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Doctor errors caused by copying and pasting information

Maryland residents rely on their doctors to treat them for a variety of common and unusual illnesses and injuries. People believe that their doctor will work on their behalf in order to solve the problem and get them well. However, Maryland residents should remember that doctors are only human. They are capable of making serious mistakes and having lapses in judgment that result in injuries to patients.

Many technological advances have been created in order to try and eliminate the possibility of doctor errors. However, even with this new technology, errors are prevalent within the medical field. Some studies have shown that technology can actually create its own hazards and risks for errors.

One risk of using technology is doctors copying and pasting information from a person's chart into a new file. This, according to some, is a common practice among doctors to save time. However, when doctors copy and paste information, the errors in that information are also copied and pasted. Therefore, the information in a person's chart becomes more misleading and dangerous over time.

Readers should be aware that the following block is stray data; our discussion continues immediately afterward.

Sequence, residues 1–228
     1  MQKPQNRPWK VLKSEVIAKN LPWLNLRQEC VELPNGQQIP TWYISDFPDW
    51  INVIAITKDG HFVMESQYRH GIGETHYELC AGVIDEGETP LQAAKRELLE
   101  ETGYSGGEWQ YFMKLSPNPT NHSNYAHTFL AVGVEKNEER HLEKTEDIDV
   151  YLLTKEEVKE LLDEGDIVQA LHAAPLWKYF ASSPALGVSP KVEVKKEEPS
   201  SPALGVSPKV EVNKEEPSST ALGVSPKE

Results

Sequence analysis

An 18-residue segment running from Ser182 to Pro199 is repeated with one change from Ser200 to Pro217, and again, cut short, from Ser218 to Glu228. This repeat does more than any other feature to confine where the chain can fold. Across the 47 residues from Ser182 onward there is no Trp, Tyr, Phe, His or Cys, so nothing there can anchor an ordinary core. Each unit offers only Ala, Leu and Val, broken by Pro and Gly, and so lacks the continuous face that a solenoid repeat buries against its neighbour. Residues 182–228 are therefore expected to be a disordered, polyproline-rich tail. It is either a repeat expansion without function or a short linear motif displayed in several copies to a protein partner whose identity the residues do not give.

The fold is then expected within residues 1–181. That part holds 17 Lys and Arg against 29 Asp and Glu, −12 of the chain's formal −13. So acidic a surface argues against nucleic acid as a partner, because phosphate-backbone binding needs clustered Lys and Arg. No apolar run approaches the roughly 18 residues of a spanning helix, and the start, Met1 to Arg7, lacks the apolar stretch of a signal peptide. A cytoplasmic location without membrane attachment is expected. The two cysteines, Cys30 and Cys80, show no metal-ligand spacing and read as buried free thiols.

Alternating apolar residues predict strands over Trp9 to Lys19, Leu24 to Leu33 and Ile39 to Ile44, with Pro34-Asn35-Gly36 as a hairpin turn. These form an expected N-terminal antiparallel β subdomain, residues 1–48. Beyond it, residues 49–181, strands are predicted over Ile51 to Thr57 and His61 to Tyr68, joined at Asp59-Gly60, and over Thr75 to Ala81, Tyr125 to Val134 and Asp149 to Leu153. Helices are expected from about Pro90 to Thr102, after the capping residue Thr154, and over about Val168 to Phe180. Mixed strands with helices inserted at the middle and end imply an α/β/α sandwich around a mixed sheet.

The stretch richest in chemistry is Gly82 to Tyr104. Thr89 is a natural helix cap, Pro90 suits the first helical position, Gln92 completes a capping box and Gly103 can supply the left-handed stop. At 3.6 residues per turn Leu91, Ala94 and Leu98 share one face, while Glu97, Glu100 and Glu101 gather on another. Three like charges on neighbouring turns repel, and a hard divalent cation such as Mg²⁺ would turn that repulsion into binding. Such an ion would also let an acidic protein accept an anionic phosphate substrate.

By copying and pasting, most of each entry is not changed between patients or between visits. This can leave out details that can be important to finding a diagnosis for a patient. Without these details, misdiagnosis is common.

According to some, the problem with copying and pasting is very widespread in the medical community. Some reports claim that up to 89 percent of doctors have admitted to copying and pasting information from charts when writing daily progress notes. Sadly, some of this information is therefore incorrect. In one study of Veterans Affairs medical charts, 13 percent of the copied material found in patients' charts posed a significant risk to the patient because of the errors present.

While many hospitals and medical facilities have taken steps to reduce the amount of copying and pasting happening by doctors, it has not been eliminated in every setting. When doctors copy and paste information from one chart to another, individuals can suffer. When the doctor makes a mistake, the patient should know the person's legal rights. In some cases, a medical malpractice suit maybe appropriate following a doctor's error.

Source: The Houston Chronical, "Report highlights errors caused by copying, pasting in medical records," Markian Hawryluk, March 12, 2016

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